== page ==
Among elite point guards, Paul is the most taken for granted. Traditional point guards are less exciting in an era where Russell Westbrook is physically breaking defenses with a barrage of triple-doubles, and Stephen Curry is drowning them in a sea of three-pointers. Even Lillard (21 points, eight assists in Game 1) can draw more excitement as a Curry-lite, drawing attention out to the three-point line, then bursting to the rim.

For whatever superhuman basketball traits he may lack, no one runs an offense quite like Paul. He’s the last of the great symphony conductors, playing up the perfect balance of powerful notes (Blake Griffin post-ups, DeAndre Jordan lobs) and sweet melodies (Redick spot-ups and curls off pin downs), with his own work in the midrange tying it all together without overpowering, to make the offense sing.

“They have so many ways they can hurt you, I think that starts with Chris Paul. And that’s difficult because you can’t really take him out of the game,” Trail Blazers coach Terry Stotts said. “You can’t double team him, because that just gives him an opportunity to make his teammates better. They have terrific outside shooting and they have good interior play, especially now that they have Blake back.”

Looking a bit rusty in the final few regular season games, after returning from injury and suspension, Griffin announced his full return with authority—powering through the lane for vicious dunks and layups, defenders big and small bouncing off him like bullets off Superman.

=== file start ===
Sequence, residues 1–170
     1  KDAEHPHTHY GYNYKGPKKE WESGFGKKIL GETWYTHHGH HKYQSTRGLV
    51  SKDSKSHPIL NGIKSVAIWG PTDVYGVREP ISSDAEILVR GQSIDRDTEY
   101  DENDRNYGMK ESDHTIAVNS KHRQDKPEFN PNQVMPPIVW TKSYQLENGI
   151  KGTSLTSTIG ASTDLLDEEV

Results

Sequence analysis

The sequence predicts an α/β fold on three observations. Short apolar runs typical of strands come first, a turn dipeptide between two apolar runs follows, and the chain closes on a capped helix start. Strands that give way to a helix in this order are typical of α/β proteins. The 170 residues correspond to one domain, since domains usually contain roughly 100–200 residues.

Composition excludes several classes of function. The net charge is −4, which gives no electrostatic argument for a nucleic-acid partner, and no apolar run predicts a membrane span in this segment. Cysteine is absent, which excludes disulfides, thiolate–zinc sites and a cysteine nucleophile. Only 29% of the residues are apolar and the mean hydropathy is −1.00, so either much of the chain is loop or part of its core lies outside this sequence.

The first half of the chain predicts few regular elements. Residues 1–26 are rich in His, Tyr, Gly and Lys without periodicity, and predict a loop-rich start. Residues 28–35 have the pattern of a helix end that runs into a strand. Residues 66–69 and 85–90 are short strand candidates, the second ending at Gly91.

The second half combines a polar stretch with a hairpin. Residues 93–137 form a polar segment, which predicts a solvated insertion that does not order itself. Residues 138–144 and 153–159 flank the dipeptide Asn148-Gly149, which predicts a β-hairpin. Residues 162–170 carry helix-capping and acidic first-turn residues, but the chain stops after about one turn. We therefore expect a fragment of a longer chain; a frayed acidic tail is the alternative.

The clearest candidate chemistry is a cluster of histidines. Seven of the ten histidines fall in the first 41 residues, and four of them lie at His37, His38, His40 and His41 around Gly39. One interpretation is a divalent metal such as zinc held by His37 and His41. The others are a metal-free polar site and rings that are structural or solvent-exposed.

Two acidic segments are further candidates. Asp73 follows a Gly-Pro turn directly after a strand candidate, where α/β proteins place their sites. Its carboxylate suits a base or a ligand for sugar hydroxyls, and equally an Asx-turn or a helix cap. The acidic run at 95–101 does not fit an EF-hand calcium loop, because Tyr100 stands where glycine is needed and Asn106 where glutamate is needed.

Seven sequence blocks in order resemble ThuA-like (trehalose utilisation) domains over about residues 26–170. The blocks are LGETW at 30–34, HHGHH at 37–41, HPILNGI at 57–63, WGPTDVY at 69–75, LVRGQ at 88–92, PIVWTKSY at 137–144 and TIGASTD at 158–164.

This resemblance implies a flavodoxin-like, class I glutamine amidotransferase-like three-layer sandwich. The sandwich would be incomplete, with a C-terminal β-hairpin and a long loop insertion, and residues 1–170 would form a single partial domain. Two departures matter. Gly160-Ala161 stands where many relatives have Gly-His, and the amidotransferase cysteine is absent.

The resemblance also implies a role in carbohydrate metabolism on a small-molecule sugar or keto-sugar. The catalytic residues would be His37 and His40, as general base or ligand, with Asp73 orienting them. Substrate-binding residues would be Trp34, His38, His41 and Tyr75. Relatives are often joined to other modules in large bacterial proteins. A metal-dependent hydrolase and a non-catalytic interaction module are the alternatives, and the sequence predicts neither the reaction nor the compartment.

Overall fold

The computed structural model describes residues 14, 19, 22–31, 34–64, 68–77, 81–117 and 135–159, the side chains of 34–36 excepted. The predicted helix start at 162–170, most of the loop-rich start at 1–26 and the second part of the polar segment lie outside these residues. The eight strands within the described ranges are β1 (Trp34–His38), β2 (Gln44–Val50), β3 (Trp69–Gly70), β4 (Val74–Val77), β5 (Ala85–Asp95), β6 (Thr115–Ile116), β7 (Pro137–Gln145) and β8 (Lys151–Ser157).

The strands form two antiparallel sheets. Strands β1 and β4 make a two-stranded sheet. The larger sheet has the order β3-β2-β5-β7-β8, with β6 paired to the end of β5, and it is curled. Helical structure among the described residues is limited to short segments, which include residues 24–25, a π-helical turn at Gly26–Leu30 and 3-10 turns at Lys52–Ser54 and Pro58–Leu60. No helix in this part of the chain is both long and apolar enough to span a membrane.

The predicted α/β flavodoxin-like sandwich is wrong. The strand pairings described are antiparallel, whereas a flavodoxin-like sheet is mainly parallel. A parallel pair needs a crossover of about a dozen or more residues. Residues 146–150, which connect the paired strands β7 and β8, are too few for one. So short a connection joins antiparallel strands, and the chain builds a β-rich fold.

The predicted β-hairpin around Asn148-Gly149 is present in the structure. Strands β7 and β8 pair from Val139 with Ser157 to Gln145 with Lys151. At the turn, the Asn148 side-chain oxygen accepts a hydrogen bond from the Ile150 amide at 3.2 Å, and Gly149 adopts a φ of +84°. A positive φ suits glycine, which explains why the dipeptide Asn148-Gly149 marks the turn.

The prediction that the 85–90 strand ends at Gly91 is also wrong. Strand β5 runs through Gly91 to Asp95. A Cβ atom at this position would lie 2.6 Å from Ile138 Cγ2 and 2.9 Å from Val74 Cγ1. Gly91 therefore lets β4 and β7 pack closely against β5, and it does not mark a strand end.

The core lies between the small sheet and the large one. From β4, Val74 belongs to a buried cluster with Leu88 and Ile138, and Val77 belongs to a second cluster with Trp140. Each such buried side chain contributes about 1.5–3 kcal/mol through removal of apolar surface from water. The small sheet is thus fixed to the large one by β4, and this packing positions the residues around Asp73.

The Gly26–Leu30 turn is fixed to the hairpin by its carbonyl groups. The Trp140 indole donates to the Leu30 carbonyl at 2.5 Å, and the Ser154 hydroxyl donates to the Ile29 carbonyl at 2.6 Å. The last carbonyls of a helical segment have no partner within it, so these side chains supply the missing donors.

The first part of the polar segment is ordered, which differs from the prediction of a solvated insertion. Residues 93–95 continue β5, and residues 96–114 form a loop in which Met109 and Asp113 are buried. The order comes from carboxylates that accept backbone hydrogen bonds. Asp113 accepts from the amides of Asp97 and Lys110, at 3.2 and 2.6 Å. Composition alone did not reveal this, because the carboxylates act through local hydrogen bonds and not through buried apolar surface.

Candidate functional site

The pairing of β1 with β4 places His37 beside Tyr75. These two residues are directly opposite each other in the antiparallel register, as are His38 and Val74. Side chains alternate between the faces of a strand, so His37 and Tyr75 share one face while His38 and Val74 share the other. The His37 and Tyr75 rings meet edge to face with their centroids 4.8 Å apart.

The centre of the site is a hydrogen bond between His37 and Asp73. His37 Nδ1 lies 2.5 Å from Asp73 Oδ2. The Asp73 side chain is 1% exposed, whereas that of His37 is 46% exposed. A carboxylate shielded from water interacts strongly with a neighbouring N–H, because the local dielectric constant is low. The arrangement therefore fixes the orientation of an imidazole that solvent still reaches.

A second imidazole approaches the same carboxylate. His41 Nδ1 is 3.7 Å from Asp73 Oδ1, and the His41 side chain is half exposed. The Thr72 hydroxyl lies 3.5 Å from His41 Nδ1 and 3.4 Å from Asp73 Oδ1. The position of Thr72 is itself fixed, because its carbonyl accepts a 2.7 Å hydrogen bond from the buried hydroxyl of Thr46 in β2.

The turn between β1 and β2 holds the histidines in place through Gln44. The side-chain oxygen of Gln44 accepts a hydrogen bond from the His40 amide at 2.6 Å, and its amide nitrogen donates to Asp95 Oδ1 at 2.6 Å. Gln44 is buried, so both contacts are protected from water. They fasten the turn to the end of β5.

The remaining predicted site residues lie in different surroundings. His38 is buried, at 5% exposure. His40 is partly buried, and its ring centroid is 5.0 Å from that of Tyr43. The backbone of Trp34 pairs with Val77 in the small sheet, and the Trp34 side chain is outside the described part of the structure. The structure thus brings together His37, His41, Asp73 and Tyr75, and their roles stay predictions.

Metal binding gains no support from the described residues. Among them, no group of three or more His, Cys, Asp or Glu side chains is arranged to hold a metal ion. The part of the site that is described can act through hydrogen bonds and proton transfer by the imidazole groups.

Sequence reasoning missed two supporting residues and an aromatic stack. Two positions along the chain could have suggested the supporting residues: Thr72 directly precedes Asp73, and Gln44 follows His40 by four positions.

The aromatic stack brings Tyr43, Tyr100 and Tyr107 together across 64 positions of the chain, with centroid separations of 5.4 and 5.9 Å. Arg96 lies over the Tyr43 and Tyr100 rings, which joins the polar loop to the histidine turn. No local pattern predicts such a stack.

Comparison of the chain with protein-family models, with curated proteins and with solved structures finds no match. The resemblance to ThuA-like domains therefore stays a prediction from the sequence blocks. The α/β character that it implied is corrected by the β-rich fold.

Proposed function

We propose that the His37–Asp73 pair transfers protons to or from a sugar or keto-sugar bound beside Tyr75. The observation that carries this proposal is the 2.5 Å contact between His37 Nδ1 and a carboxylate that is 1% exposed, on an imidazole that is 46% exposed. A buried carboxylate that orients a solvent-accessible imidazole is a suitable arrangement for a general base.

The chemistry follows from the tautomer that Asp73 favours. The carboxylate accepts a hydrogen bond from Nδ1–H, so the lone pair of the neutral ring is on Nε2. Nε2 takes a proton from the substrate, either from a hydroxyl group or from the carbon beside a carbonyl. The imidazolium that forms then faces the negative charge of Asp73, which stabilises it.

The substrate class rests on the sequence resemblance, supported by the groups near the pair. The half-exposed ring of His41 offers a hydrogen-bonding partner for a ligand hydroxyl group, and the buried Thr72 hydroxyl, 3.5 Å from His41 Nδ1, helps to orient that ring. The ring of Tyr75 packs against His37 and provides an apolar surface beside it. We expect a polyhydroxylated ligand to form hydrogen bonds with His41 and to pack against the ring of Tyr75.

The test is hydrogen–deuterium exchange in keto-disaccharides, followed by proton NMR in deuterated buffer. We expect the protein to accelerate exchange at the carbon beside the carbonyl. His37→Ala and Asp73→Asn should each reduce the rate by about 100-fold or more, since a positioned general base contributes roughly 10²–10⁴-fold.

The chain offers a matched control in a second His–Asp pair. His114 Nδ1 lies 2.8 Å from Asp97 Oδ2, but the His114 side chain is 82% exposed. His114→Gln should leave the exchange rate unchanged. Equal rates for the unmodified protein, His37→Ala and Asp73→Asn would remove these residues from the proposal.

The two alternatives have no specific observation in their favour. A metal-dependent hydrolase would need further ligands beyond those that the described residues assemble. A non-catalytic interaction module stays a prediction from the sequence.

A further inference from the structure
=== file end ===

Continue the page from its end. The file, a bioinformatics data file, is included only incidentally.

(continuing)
Griffin hit three of his four shots in the first quarter, opening the game up with 10 of his 21 points. Griffin is the perfect complement to Paul, knocking defenders off with his sheer physicality, and extending Paul’s own playmaking with his brilliant court vision and passing.

From the elbow extended, the threat of Griffin’s first step is enough to keep his defender from shading over to impede dribble handoffs; and his strength setting screens is enough to stop the most dogged pursuing defender in their tracks—something the Clippers exploited to get Redick a few clean looks from range.

“It was great. Assertive. I loved his energy,” Rivers said of Griffin. “Like I said before the game, I’ve been surprised with him. His energy, his endurance. Today, I thought, was the first day that he had great timing as well.

“What I liked is we did it without waiting or trying to get Blake going. Blake got himself going through the flow of what we’re doing.”

There were thoughts that the Clippers looked better with three shooters around a Paul-Jordan pick and roll than they might with Griffin; which was nonsense. The Clippers run sans Griffin should serve notice that Rivers can afford to stagger minutes some, leaving Blake as the primary creator on second units. But finding quality bucket getters who can overpower defenses through their own machinations is essential in the playoffs, when teams have time to lock in and deter match-ups and schemes.